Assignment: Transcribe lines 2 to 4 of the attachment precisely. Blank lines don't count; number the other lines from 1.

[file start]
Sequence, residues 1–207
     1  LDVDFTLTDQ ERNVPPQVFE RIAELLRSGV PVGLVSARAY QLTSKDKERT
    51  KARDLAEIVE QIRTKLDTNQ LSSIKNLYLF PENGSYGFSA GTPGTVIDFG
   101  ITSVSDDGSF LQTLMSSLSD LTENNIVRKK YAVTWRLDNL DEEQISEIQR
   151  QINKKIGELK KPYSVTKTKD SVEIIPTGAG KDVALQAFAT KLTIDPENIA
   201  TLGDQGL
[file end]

     1  LDVDFTLTDQ ERNVPPQVFE RIAELLRSGV PVGLVSARAY QLTSKDKERT
    51  KARDLAEIVE QIRTKLDTNQ LSSIKNLYLF PENGSYGFSA GTPGTVIDFG
   101  ITSVSDDGSF LQTLMSSLSD LTENNIVRKK YAVTWRLDNL DEEQISEIQR